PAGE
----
Second Unconstitutional Military Commission Trial Ends In Conviction At Guantánamo
Deeply Flawed System Delivers No Real Justice, Says ACLU
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GUANTÁNAMO BAY, Cuba – After a flawed military commission trial that was boycotted by the accused, a jury of nine military officers found Ali Hamza al Bahlul guilty of crimes including conspiracy and providing material support to al Qaeda. The American Civil Liberties Union was at Guantánamo Bay observing the al Bahlul proceedings, which, like all of the military commissions, lacked the fairness and transparency found in traditional U.S. or military courts.
The following can be attributed to Jamil Dakwar, Director of the ACLU Human Rights Program, who was at Guantánamo observing the proceedings:
"The conviction of Al Bahlul is yet another example of a military commission system set up to produce convictions, not to deliver real justice. Unfortunately, because the system is fundamentally flawed and lacks any semblance of due process, a cloud of illegitimacy hangs over this verdict. The world deserves better than that from America. The next president should close Guantánamo and future prosecutions should occur in criminal or military courts where the Constitution still means something and where verdicts, no matter what they are, can be trusted."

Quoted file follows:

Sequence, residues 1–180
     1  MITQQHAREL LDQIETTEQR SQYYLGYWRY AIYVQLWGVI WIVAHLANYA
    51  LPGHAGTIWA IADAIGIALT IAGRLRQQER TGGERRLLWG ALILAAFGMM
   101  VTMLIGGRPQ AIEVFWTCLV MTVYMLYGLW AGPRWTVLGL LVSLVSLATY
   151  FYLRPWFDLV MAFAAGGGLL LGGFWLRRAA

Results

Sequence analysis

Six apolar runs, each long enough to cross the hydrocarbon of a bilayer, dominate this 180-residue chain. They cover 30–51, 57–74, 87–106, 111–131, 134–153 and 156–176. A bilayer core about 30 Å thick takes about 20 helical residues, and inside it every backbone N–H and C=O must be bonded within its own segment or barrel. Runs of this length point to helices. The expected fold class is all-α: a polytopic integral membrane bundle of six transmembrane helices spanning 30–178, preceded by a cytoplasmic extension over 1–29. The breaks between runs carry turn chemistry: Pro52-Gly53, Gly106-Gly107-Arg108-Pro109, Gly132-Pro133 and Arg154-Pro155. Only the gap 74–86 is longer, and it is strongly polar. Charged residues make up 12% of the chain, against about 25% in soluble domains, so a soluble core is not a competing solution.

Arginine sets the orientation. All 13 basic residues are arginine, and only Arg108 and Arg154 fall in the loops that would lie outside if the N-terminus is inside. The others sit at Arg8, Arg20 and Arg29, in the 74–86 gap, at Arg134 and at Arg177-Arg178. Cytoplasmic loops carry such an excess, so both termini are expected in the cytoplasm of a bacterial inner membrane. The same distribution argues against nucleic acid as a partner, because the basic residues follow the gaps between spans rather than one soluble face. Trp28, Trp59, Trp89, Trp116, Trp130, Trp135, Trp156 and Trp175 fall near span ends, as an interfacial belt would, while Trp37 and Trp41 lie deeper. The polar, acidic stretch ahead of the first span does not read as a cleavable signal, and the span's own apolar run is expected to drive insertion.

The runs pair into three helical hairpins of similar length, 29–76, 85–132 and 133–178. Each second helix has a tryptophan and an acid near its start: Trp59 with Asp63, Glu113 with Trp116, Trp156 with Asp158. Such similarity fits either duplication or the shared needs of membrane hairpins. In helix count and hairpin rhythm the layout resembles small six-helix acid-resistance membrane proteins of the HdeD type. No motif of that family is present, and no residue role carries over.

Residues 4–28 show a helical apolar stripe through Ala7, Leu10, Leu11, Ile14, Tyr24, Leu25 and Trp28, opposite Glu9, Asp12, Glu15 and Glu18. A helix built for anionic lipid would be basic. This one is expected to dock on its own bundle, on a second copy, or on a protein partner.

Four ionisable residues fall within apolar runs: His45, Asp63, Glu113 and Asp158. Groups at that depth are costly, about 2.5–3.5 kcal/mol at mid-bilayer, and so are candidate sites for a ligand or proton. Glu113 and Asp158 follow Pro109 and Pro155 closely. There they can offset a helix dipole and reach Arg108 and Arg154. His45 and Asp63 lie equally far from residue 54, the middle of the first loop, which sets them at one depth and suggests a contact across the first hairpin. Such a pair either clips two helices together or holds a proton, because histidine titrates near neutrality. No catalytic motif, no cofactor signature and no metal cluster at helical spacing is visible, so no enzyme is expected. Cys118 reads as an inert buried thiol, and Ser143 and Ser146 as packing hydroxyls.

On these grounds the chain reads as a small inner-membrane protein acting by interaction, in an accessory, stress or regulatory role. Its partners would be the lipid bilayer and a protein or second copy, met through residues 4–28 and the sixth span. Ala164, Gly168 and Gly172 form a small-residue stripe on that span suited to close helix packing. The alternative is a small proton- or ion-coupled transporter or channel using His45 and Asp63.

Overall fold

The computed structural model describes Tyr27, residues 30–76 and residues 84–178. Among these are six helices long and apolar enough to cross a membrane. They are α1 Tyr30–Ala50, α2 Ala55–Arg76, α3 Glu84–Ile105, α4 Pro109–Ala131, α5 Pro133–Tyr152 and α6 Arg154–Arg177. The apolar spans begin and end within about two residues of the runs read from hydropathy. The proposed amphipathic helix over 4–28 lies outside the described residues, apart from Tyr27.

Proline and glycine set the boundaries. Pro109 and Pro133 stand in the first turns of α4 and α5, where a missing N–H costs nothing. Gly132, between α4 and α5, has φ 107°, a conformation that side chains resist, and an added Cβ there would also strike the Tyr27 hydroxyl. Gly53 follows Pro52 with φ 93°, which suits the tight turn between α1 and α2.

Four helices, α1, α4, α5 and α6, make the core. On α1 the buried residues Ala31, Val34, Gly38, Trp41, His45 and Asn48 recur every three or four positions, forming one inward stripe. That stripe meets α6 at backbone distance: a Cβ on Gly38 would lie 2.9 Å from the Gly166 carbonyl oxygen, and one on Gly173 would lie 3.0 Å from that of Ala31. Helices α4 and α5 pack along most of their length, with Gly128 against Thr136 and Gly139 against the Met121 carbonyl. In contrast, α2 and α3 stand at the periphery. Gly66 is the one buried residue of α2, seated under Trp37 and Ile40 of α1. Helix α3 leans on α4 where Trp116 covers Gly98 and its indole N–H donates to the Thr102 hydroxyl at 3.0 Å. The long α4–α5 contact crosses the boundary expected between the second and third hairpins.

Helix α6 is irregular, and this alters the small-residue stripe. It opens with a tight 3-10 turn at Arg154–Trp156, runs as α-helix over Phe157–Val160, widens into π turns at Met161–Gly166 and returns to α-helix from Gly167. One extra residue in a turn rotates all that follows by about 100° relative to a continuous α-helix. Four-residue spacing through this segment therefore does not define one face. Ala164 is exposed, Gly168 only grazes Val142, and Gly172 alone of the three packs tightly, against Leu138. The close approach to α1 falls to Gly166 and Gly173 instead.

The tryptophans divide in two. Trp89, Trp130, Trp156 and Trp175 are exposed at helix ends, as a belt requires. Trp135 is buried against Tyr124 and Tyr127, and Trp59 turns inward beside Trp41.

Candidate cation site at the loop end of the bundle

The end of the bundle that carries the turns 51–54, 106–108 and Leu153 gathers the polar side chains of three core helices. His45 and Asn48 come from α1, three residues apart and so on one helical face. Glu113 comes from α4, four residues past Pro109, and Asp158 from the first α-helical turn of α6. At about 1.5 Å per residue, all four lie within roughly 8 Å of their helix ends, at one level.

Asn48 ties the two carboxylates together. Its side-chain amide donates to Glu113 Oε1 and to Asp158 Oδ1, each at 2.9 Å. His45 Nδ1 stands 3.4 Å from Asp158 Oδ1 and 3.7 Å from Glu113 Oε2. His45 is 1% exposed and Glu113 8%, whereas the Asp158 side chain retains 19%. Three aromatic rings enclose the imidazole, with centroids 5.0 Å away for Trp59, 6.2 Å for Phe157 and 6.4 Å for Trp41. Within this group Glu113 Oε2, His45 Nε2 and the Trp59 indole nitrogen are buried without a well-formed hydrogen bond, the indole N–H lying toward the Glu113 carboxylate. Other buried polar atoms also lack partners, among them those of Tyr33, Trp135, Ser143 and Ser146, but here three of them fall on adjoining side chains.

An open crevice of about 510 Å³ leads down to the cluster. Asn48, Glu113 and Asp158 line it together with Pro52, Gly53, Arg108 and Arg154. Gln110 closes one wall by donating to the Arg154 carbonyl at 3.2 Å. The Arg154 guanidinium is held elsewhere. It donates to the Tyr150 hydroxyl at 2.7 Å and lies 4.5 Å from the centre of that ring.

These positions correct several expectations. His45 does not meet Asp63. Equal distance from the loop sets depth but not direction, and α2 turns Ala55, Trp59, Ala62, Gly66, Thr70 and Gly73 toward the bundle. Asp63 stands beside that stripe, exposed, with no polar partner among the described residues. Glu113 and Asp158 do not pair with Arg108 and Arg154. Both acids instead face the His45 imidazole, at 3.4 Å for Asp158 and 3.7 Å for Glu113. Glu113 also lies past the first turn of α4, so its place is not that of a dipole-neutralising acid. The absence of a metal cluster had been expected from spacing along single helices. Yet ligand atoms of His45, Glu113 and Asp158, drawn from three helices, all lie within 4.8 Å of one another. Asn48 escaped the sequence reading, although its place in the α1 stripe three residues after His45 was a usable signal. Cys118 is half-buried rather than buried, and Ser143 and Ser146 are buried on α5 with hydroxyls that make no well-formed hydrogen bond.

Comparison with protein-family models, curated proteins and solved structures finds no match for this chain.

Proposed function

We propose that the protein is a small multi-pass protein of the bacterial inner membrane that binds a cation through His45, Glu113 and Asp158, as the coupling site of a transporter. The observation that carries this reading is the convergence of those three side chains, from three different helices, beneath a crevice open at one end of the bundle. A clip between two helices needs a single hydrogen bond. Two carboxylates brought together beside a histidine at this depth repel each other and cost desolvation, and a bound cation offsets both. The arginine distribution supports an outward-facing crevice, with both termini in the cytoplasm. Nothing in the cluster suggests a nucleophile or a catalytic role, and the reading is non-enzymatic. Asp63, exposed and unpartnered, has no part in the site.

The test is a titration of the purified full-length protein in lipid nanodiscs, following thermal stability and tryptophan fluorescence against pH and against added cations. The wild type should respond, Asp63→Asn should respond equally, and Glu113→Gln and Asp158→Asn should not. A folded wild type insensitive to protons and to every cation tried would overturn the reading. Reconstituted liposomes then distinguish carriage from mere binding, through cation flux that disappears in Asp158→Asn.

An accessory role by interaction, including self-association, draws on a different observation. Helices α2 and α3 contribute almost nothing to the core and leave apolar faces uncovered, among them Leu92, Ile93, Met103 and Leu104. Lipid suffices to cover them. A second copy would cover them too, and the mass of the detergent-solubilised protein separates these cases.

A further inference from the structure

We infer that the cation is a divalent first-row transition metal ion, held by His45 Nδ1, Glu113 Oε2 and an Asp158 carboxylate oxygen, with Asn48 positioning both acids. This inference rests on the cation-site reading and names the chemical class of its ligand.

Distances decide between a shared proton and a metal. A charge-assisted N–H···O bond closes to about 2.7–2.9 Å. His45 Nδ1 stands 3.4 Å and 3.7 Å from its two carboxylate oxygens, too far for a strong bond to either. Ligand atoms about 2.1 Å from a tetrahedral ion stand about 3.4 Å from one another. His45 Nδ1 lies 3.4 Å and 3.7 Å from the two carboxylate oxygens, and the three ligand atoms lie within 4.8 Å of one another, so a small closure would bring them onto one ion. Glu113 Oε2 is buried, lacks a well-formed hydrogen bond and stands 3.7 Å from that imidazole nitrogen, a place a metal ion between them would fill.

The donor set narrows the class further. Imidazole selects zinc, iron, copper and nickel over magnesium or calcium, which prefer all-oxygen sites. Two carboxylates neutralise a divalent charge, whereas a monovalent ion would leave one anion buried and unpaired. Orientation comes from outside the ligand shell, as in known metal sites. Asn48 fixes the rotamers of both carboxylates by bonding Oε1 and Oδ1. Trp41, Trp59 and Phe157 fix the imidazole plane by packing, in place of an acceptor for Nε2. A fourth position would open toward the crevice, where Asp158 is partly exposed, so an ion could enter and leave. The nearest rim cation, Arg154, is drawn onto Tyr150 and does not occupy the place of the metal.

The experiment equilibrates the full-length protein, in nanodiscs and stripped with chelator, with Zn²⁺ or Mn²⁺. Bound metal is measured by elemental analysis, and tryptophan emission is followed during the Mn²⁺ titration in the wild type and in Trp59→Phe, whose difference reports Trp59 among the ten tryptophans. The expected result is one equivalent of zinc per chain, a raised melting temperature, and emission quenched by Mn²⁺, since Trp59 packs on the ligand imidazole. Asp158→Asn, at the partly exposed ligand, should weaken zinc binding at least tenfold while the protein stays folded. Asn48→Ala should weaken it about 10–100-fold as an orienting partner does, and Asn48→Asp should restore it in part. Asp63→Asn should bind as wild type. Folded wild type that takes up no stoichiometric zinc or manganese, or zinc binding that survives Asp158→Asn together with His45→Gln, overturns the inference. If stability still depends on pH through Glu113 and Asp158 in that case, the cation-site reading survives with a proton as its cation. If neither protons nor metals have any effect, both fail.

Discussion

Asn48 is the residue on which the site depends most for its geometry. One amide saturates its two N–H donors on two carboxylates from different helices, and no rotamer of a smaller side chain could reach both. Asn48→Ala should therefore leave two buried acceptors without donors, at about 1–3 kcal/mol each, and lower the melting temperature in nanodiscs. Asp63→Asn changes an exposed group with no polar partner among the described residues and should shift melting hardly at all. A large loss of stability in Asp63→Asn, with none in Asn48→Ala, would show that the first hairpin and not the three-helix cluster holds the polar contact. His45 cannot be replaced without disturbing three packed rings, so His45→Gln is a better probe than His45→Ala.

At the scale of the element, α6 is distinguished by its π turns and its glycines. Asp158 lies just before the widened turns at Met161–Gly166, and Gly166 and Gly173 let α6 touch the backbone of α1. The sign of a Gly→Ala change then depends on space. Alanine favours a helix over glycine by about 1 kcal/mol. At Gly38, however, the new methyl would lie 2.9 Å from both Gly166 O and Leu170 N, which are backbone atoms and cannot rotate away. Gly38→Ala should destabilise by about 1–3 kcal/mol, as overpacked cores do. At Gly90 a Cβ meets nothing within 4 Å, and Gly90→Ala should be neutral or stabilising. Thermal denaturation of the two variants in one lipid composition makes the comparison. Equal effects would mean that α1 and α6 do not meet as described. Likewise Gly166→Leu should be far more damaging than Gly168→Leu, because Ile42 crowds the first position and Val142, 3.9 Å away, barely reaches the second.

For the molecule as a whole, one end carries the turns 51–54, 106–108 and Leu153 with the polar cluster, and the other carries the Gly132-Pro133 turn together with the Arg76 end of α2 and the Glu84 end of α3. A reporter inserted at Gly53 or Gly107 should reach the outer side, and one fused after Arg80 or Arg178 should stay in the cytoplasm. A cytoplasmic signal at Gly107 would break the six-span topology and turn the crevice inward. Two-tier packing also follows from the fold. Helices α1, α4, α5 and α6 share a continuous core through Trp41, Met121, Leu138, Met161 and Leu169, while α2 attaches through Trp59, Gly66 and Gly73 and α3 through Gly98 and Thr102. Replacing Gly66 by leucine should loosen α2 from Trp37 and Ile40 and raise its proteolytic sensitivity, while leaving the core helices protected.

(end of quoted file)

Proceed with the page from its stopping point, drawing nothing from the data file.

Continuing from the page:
Al Bahlul, who has been detained at Guantánamo since 2002, boycotted his trial and, at al Bahlul's request, his court-appointed military defense lawyer, Major David Frakt, remained silent throughout the proceedings. The jury of nine military officers, six of whom served on the panel that convicted Australian David Hicks in 2007, deliberated fewer than four hours on Friday.
The ACLU calls on the next president to close Guantánamo, ban torture and end extraordinary rendition.